Microsoft CEO Satya Nadella and other Xbox executives will meet with the Federal Trade Commission (FTC) this week to discuss the company's proposed acquisition of Activision Blizzard. The meeting was part of the FTC's ongoing review of the deal, which is valued at $69 billion.
Nadella and the Xbox executives will reportedly tell the FTC that the acquisition would not harm competition in the video game industry. The Verge reports the executive team will claim that Microsoft and Activision Blizzard are complementary businesses, and that the deal would allow Microsoft to better compete with other gaming giants, such as Sony and Tencent.
The acquisition of Activision Blizzard would be Microsoft's largest-ever deal and would make it the world's second-largest game maker behind Nintendo. Activision Blizzard has more than 400 million monthly active players across its franchises, which also include Call of Duty, Candy Crush, Hearthstone, World of Warcraft, and Overwatch. The FTC is expected to make a decision on the acquisition by the end of this year.
In addition to meeting with the FTC, Microsoft has also been working to address concerns raised by some regulators about the deal. For example, the company has reportedly agreed to sell off some of Activision Blizzard's assets, such as the Candy Crush franchise.
The FTC's review of the acquisition is likely to be closely watched by other companies in the video game industry. If the deal is approved, it could set a precedent for future mergers and acquisitions in the sector.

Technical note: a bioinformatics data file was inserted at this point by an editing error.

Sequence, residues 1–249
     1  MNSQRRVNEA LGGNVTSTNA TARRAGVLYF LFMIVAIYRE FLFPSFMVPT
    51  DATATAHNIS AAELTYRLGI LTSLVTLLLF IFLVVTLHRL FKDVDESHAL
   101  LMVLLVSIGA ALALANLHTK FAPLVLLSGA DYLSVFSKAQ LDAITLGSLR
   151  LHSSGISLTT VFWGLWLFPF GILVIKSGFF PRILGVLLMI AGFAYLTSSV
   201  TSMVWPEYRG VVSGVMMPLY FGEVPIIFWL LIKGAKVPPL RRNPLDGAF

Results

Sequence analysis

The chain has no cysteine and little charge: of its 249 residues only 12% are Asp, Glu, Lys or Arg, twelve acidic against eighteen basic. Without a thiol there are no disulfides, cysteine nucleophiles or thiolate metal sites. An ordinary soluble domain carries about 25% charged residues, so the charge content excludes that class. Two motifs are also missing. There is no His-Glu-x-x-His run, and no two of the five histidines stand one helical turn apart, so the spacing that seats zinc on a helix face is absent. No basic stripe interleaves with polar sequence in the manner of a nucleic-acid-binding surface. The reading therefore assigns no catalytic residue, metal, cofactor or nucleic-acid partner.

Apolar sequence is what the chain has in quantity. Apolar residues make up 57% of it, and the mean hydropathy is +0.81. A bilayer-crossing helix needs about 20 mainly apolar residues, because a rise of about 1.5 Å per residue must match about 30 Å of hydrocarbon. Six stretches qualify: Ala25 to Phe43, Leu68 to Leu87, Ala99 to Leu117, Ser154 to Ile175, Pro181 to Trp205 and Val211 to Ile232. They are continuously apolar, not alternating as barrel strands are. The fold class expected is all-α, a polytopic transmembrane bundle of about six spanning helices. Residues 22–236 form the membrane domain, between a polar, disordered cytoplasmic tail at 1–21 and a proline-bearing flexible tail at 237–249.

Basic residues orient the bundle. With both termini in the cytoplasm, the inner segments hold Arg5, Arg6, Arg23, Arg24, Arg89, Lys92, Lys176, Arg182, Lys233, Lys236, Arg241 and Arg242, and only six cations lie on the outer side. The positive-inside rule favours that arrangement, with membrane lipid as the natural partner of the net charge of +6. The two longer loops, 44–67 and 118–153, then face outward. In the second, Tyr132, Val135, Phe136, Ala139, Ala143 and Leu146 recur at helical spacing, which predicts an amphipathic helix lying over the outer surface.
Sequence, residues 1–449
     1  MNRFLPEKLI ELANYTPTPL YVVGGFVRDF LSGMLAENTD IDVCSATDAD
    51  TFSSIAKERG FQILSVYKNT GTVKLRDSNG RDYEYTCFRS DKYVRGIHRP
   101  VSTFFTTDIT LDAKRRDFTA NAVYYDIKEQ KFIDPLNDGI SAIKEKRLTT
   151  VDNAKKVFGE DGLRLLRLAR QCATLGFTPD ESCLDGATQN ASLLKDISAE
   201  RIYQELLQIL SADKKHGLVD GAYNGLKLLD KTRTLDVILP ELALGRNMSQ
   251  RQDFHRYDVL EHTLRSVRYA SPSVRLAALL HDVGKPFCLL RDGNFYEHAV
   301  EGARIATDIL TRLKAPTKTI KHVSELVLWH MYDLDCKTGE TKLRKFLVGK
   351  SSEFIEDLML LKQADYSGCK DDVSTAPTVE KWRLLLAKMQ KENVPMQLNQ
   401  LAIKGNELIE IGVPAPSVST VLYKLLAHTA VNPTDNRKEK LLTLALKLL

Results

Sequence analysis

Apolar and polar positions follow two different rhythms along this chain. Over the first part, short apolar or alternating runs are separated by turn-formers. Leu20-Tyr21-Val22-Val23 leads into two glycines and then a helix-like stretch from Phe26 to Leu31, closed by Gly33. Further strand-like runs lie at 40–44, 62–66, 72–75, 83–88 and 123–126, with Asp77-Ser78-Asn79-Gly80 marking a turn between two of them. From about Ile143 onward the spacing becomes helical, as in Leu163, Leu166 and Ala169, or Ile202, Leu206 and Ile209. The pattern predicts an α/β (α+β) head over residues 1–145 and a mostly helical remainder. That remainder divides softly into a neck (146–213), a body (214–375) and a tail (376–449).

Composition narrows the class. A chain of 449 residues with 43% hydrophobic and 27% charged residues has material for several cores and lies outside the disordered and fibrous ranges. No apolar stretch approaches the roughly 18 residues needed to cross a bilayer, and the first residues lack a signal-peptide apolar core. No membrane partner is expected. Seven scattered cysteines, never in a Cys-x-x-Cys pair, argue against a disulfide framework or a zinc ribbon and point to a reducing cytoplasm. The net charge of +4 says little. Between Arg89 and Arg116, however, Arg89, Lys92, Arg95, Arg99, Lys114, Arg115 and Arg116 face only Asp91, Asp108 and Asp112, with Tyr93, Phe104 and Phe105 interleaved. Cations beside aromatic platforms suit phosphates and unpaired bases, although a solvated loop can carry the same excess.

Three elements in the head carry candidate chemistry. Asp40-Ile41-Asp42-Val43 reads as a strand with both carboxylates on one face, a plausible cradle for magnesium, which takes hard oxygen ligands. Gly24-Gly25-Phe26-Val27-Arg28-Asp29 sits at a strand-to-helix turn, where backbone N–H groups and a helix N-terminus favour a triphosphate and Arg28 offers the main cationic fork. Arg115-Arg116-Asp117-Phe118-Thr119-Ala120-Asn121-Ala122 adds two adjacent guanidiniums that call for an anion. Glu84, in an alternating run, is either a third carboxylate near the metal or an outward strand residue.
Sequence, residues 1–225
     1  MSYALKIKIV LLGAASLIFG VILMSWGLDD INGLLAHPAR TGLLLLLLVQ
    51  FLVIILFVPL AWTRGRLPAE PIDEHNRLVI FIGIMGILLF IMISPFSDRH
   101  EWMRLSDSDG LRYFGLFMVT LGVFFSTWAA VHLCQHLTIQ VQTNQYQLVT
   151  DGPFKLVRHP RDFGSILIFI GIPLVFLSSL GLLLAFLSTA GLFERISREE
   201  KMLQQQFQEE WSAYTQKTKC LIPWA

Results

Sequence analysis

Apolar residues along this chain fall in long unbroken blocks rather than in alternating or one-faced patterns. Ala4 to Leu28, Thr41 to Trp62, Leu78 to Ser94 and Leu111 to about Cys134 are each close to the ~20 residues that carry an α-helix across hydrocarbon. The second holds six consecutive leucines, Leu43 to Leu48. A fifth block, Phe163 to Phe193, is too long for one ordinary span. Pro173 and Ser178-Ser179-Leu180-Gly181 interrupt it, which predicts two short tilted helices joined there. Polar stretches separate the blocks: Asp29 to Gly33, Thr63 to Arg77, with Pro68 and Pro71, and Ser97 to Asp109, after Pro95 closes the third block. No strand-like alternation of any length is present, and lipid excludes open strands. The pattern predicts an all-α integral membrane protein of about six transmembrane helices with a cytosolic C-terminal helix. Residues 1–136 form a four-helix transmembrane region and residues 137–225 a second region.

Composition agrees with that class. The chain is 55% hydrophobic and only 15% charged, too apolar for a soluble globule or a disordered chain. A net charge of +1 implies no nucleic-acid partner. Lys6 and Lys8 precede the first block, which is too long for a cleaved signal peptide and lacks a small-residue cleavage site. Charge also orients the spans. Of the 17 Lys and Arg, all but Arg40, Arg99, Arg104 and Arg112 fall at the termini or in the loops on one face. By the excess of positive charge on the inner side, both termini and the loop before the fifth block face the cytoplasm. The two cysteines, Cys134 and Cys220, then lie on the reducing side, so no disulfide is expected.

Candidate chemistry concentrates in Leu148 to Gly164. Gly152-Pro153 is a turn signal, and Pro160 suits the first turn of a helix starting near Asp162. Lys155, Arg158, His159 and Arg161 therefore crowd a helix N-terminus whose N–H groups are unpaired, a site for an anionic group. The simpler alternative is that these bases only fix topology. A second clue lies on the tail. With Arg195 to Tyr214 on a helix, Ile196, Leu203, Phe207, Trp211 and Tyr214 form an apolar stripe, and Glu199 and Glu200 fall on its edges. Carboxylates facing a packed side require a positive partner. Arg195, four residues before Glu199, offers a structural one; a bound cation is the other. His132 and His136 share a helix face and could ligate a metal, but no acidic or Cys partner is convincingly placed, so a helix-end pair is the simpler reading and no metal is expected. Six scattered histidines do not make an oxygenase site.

Convincing Global Regulators to Green Light the Merger
The meeting between Microsoft and the FTC is a sign that the deal is still under active review. It is also a sign that Microsoft is taking the FTC's concerns seriously. The company's willingness to sell off some of Activision Blizzard's assets is a positive sign, as it shows that Microsoft is willing to make concessions in order to get the deal approved.
However, the FTC is still likely to have some concerns about the deal. The agency will need to be convinced that the acquisition will not harm competition in the video game industry. Microsoft will need to provide the FTC with a detailed explanation of how the deal would benefit consumers.
If the deal is approved, it would be a major victory for Microsoft. However, if the deal is blocked, it would be a setback for the company and could have a negative impact on its position in the video game industry. Last week the FTC took out a restraining order that prevents Microsoft from closing the deal before a decision is made.
Microsoft has seen the deal accepted by many global regulators. Among them is the European Commission, which is notoriously strict on Big Tech companies. Japan's regulator has also approved the deal, despite concerns about how it would impact local gaming giants Sony and Nintendo.
South Korea, China, and Brazil are other notable markets that have approved the acquisition. However, the Competition and Market Authority (CMA) in the UK rejected the deal, blocking it from happening in the country. Microsoft is now appealing that decision and has suggested it would simply not offer Activision games in the UK if the CMA does not change its mind.